21 thoughts on “Ruger SR 1911 10mm Auto, finally”
  1. I had a SR1911 Commander for awhile, and like every other Ruger I’ve owned, it was flawless. Sadly, I traded it for a different firearm, and have been looking at getting another one since. The 10mm might be a nice addition to the collection.

  2. This gun interests me because I am thinking this is the 1911 that can handle a steady diet of full power 10mm loads

    I disagree however with Hunter Elliott’s statement “The 10mm will do everything the .357 Magnum will do but will do it better, with a wider selection of bullet styles and ammunition choices”. The two cartridges are overlap each other in terms of power and performance; any difference being more attributable to the specific loads and guns being compared rather any design differences between the two. Also there are a huge variety of loads available for the .357 and you will have an easier time finding them than10mm loads. Which cartridge I would choose would boil down to whether I wanted a semi auto pistol (10mm) or a .revolver (.357 magnum).

  3. Great Review Hunter just watched the Vid on Youtube.used to Read a lot of your stuff on other forums now just come here

    Got the Dealer to order me one today few changes and it will be great the stocks blah .. only other change with be a Ambi Safety .

    Add this to my Dan wesson Razorback , Para longslide elite ,a Ria Double Stack and a 610 Smith i love the 10mm

  4. We Do have the same tastes for sure.. 1911’s are my Fav gun i have more of them in different calibers than i think i have another model .

    i don’t have a delta yet but well thats yet lol my Dan wesson is one of the old pre CZ ones

  5. Can the magazine be manipulated to restrict total ammo? Here in SD, we cannot use a handgun for hunting that is capable of holding more than six total rounds.

  6. I bought the Ruger 10mm when they first came out and love it. Just needs night sights. The factory sights are too dark.

  7. Got mine broken in groups well the front sight is either gonna be changed or painted .. anyone had issues with surface rust yet?

    I did after greasing it up and carrying for splitting wood and running chainsaw yes it was hot and got sweaty but go wiped off everyday and relubed and still go some rust under safety on slide .. Switched to dan wesson for rest of week and nothing on it

  8. Mine has feeding problems, consistently fails about 3 out of 50 rounds of Sig FMJ. Also failed with my reloads. I noticed that in Handguns magazine review they also had failures to load with the Sig FMJ. I am very disappointed. Any suggestions?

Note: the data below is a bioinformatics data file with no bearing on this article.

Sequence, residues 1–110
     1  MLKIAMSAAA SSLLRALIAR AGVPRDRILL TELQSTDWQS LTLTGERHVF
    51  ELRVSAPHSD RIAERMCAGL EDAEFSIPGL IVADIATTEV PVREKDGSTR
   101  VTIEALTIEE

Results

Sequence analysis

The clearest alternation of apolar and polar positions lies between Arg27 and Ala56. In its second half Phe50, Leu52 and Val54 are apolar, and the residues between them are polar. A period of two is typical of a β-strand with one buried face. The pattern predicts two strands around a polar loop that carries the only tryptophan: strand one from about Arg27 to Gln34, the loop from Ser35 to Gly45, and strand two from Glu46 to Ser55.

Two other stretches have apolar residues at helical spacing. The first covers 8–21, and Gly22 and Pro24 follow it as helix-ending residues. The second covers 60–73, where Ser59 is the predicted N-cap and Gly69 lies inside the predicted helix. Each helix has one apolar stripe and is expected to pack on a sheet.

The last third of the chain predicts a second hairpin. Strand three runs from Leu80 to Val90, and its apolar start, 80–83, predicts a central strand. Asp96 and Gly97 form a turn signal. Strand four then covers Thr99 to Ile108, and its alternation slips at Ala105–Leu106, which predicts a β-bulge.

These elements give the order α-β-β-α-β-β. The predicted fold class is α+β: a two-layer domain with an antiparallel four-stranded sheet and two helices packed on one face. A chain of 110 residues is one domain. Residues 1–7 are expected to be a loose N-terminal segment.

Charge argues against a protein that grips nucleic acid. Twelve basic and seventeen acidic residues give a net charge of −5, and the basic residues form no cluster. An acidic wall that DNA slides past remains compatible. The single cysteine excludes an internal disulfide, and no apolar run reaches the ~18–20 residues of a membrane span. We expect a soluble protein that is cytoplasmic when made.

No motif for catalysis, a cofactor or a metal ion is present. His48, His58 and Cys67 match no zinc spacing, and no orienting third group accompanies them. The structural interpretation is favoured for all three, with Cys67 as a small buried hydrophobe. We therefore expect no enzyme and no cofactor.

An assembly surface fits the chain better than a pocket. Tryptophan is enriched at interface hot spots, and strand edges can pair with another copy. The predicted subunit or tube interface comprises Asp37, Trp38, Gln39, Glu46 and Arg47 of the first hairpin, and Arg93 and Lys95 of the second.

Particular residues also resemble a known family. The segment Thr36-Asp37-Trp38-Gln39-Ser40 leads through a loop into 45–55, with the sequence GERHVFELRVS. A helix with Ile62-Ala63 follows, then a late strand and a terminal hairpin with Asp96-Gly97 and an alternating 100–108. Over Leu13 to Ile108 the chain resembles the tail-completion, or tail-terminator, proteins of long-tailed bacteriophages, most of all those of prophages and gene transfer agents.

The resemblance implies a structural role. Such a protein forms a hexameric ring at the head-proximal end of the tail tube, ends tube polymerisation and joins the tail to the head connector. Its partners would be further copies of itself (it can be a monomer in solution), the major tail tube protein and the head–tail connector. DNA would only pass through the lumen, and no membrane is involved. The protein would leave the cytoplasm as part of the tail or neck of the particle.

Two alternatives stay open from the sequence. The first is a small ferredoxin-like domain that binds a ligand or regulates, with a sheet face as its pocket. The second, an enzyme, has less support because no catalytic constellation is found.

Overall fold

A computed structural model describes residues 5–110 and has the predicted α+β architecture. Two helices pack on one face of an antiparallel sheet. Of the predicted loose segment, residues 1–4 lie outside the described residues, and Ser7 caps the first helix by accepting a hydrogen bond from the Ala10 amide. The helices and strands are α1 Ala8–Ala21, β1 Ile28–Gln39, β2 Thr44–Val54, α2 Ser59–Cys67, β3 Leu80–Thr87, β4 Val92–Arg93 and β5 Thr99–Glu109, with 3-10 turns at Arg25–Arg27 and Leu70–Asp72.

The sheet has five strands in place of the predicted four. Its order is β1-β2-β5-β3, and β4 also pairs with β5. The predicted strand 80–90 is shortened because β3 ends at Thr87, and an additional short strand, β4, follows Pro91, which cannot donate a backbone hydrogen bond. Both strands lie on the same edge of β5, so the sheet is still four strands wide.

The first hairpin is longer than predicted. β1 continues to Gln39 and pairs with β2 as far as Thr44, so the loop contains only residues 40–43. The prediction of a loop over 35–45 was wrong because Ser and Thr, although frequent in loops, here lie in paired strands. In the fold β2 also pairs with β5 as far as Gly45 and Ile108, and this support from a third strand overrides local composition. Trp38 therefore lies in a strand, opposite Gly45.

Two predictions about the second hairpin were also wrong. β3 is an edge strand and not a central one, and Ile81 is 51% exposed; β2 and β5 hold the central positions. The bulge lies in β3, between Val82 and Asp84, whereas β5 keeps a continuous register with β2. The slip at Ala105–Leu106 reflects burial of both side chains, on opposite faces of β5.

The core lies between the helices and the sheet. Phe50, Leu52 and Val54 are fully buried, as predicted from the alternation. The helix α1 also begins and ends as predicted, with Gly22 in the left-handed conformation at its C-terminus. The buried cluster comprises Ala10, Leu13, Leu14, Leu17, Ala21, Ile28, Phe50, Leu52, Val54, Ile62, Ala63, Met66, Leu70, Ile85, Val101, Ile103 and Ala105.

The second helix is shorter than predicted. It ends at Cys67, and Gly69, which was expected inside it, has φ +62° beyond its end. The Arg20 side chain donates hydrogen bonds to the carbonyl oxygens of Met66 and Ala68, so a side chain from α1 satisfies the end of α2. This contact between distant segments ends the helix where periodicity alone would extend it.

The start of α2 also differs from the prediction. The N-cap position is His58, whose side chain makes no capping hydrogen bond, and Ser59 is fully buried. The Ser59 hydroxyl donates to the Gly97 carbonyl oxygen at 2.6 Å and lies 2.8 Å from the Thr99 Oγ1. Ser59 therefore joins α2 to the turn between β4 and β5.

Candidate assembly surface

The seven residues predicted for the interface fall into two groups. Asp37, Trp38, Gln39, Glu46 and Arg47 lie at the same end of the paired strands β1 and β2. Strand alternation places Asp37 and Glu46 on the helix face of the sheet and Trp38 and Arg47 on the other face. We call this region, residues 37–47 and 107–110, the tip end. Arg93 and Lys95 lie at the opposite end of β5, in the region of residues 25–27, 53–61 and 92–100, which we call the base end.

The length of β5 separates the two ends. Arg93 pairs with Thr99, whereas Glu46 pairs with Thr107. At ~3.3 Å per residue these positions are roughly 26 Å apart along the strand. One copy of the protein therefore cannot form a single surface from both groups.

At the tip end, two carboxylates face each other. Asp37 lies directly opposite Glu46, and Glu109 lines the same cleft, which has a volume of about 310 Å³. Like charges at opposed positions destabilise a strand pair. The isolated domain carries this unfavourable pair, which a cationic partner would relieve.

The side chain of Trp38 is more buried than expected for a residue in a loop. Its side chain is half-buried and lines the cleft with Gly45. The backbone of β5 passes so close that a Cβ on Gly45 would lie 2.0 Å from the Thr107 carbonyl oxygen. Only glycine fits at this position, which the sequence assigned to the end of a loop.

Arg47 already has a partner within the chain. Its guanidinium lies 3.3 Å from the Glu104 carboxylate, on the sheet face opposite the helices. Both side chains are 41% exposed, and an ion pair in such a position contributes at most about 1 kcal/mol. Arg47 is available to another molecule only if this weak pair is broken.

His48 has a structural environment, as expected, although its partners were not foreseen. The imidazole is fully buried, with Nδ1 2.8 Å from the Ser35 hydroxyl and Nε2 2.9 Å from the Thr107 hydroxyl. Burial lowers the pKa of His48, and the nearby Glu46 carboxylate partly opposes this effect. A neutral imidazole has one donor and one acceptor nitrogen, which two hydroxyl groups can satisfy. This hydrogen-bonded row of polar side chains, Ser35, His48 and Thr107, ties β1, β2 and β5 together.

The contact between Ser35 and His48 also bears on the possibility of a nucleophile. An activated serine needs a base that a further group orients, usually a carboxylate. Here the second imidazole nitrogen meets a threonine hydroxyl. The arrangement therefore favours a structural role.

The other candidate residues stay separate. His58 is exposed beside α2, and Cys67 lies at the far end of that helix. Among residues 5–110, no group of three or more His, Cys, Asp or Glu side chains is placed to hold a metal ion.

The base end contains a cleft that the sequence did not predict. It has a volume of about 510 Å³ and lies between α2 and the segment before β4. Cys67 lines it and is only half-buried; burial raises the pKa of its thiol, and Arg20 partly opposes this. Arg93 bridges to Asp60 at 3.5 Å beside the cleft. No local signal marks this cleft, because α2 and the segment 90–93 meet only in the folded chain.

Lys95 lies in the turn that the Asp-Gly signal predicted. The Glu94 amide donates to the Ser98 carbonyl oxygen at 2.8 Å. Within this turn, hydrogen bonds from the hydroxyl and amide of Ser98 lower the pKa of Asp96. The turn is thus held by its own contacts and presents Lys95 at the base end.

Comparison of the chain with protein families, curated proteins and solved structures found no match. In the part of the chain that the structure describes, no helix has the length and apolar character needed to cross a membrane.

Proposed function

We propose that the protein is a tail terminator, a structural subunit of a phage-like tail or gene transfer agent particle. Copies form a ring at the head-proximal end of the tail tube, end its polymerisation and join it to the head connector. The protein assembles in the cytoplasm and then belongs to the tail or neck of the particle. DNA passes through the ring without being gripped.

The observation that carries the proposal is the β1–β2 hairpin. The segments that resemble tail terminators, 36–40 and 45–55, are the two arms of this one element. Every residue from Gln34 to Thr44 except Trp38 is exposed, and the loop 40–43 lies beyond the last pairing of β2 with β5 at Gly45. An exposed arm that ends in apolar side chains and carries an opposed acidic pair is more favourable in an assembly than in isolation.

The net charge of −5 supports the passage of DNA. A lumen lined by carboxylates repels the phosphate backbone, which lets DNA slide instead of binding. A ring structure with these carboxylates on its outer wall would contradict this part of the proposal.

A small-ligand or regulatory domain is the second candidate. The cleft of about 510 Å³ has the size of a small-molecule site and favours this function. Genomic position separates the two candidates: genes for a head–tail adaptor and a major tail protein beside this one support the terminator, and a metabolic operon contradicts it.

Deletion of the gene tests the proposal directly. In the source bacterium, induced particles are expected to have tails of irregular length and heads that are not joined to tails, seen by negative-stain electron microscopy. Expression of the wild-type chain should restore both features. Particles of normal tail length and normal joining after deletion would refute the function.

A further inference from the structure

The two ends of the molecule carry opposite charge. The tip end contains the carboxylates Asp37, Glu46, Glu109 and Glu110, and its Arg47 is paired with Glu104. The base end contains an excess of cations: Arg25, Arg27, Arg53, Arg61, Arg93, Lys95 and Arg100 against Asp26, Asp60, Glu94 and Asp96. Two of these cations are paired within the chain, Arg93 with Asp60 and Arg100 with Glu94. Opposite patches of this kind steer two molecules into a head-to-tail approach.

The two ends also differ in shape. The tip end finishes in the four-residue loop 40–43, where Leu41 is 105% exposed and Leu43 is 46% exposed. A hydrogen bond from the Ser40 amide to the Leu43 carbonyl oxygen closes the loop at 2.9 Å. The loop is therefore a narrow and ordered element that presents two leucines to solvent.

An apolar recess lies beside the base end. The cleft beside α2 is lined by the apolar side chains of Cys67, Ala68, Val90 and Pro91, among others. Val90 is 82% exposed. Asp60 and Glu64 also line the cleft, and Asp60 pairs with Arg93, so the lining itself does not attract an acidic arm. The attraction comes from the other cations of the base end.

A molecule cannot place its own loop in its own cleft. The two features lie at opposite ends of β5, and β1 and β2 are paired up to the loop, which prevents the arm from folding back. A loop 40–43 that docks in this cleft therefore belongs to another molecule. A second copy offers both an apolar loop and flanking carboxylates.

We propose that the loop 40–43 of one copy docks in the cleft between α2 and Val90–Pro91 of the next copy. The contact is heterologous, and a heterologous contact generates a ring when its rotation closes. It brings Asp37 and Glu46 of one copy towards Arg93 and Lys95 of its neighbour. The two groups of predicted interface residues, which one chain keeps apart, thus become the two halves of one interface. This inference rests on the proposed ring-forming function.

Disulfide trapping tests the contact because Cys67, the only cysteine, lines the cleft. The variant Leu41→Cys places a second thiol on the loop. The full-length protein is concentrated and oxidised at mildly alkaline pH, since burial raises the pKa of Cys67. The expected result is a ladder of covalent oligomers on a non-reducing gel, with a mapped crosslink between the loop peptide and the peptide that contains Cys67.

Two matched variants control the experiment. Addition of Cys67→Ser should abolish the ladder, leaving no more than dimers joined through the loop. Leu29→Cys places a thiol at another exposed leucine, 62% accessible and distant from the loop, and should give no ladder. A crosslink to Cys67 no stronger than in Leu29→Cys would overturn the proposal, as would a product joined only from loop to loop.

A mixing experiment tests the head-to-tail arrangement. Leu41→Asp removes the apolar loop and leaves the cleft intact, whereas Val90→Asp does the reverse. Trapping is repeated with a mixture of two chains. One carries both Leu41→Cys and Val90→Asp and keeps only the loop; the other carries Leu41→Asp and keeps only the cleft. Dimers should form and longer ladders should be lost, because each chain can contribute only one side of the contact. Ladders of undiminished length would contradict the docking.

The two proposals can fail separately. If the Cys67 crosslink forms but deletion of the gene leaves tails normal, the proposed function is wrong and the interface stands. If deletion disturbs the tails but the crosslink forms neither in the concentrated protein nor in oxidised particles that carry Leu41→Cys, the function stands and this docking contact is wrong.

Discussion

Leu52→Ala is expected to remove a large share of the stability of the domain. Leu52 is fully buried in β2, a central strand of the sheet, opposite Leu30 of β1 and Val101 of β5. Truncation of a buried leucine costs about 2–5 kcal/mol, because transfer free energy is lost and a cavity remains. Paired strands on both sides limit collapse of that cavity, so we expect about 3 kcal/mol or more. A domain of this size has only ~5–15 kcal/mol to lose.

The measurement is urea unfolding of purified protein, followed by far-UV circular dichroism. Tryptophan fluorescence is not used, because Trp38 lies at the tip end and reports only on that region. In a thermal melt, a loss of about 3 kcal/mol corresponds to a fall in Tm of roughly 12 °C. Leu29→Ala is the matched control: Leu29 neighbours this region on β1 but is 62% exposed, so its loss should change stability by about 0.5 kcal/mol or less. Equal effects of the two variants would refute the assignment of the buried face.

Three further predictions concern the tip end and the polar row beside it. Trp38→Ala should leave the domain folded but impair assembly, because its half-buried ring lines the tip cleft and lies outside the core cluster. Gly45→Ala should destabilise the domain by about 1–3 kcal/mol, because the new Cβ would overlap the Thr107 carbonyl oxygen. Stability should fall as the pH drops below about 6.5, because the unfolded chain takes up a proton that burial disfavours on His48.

1. Ed, I ran an awful lot of different rounds through the test gun, without a single issue. If you are having trouble with a specific manufacturer’s ammo you might look at the rounds you have and run them through a go-no go gauge. I always run reloads through such a gauge. I did not run any Sig ammo through the pistol.
      Having trouble with a single manufacturer leans to the ammo and not the pistol. Do you have a 10mm go-no go gauge? I would for sure measure the Sig rounds and your reloads and check that against SAAMI spec for COL.

  9. Thanks so much for taking the time to comment on my situation. I was shooting the Sig ammo because it was cheap, $31 box of 50 and accurate. I bought another brand this past week, Sellier & Bellot and shot 50 rounds through the gun without a failure but I also used the second magazine thinking it may be a magazine issue. I have a measuring tool from Dillion and I noticed the Sig FMJ are 1.254 and I based my reloads on these cartridges. The cartridges that didn’t fail measured 1.244, and I bought some Sig V Crown and they are 1.245. I can’t believe that the small difference in length could be the problem since my reloading manual says C.O.L. should be 1.260.
    Meantime I contacted Ruger customer service and they told me to send the pistol to them so I guess I’ll be doing that.

  10. I really don’t understand the question. The cartridge gets stuck feeding into the barrel, it’s halfway out of the magazine, halfway into the barrel. This happens some times on the first round when the slide is released and other times when the magazine is almost empty. I also tried some new ammo, PPU, and had another failure with that. The gun is going back to Ruger I’ll let you know what they say.

    1. Some of that could have been me. There is still quite a bit of human error when shooting from a rest.
      To eliminate most of the human error I would need a Ransom rest but that is way out of my budget so I do the best I can with a rest.